DEATH OF A SALESMAN
1. What is the setting for the play? How significant is this to the content? Would it be very different in a different setting?
· The setting of the play is in the late 1940’s in Brooklyn, Manhattan, and Boston.
· Setting is an important part of Arthur Miller’s play, Death of a Salesman, for many reasons. First, the play’s main setting gives insight into the lives of Willy Loman and his son, Biff. Also, the setting of the play reveals a sense of irony in the play, as Willy does nothing to change or evade what he doesn’t like about city living. The way Willy Loman cares for his possessions that make up his setting prove that he is not wasteful.
2. What is an American dream? Does Willy achieve it? Why/ why not?
· The ideal that every US citizen should have an equal opportunity to achieve success and prosperity through hard work, determination, and initiative.
· Willy Loman was not strong enough for achieving the American Dream.
· All problems that person has originate in a childhood.
· He is a lair.
· He escapes into the past
· Willy Loman is too much addicted to his surroundings.
· He expected that his son will make one part of his dream.
· He cannot adapt for a new life or society.
· He gives too much attention to appearances.
· Loman tried to live someone else's life.
· He was trying to imitate his idol Dave Singleman.
· He did not appreciate what he already had.
· He follows the way that was already disclosed, where there were no prospects.
3. Foils: who might be a foil for Willy? ... For Biff?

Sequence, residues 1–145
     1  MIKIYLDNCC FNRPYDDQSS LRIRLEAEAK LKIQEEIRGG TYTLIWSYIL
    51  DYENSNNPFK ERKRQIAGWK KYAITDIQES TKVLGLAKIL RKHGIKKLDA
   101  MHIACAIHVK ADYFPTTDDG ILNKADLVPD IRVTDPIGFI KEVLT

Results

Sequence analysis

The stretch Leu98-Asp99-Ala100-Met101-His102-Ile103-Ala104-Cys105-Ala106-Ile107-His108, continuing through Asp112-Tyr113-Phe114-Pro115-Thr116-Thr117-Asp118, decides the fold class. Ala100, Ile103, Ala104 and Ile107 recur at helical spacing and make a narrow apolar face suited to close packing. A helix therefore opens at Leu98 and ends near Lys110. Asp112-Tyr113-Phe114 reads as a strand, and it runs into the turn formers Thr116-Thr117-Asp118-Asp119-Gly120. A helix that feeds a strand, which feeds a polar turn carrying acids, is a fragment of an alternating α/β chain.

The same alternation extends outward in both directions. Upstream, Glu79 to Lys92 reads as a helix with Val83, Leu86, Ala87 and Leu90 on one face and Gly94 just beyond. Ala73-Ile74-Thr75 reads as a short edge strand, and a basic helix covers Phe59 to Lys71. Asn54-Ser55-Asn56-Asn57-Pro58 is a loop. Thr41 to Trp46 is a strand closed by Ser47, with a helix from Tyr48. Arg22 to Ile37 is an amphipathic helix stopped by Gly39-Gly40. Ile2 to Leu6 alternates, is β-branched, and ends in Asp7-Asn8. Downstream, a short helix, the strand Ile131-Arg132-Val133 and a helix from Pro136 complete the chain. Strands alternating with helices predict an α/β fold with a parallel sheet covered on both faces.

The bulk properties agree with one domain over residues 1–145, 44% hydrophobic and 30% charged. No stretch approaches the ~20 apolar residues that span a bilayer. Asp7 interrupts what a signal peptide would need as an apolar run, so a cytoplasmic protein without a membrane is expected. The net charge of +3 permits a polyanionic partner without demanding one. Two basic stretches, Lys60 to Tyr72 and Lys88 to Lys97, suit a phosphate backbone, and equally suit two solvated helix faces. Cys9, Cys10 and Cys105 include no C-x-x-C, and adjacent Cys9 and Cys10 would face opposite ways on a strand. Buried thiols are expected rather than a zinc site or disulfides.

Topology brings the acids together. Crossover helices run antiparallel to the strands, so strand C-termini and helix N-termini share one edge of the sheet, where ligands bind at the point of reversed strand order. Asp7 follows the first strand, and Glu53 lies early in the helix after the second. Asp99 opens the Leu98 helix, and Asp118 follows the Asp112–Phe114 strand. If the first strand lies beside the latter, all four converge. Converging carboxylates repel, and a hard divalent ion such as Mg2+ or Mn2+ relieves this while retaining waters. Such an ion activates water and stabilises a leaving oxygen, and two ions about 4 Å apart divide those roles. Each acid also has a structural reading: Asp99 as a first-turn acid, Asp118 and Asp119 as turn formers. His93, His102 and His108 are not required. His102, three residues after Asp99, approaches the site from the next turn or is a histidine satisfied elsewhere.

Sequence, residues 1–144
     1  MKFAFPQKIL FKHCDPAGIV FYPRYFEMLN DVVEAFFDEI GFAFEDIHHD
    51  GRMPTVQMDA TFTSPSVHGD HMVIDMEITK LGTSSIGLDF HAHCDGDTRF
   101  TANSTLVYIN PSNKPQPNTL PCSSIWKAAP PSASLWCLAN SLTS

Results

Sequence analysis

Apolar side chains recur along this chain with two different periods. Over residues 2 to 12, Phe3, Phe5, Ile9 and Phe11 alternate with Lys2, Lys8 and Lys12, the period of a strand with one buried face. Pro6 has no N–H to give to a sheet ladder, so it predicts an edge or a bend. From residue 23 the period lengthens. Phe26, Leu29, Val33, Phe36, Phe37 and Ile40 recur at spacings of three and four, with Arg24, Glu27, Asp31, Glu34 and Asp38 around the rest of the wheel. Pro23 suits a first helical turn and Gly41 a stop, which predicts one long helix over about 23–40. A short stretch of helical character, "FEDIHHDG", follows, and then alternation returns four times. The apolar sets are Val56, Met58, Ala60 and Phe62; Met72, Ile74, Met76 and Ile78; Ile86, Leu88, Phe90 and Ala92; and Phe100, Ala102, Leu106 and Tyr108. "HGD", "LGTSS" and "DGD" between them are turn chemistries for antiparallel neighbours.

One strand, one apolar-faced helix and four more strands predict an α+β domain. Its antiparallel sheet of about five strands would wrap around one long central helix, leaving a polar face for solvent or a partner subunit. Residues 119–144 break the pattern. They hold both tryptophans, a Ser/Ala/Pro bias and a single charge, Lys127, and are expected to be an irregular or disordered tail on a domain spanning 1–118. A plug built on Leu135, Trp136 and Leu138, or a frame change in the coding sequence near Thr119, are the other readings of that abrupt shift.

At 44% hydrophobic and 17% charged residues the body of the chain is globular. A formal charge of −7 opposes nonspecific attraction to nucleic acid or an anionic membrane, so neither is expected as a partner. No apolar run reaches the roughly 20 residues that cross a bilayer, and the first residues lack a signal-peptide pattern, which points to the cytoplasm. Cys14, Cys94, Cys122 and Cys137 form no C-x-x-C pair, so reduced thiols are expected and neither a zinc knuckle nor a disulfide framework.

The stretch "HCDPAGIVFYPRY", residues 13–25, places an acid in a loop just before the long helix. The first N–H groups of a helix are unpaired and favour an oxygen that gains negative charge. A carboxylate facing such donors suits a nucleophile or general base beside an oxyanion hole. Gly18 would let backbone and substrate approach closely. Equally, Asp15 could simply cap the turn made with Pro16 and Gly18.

· Charley is humble, generous, down to earth, and successful. His extreme character differences from Willy highlight Willy’s flaws of impracticality and arrogance. Willy appears naïve and desperate in contrast to his mature and knowledgeable neighbor.
· Bernard achieves the success that Willy wanted Biff to have, and in doing so, highlights Biff’s failure. Growing up as friends and neighbors, Bernard was the nerdy kid who came out on top because he didn’t expect his personality to carry him to success. In contrast, Biff was the popular football star who never focused on his education but relied instead on charisma. As an adult, Bernard is confident and well adjusted, whereas Biff is insecure and unsure how to be happy in life.
· As Biff’s brother, Happy grew up with the same parenting, values, and pressures that Biff experienced. But while Biff recognizes and rejects the lies his family has been living, Happy tries to keep them alive. You could say Happy is amoral; he steals his friends’ girlfriends, casually lies to get dates, promotes keeping secrets from his family, and is basically always phony. Biff, in strong contrast, has developed a policy of "no tolerance" for falsehood among the family. Where Biff looks at himself honestly and knows that working with his hands makes him happiest, Happy blindly pursues his father’s ideas of material success.
4. What similarities are there...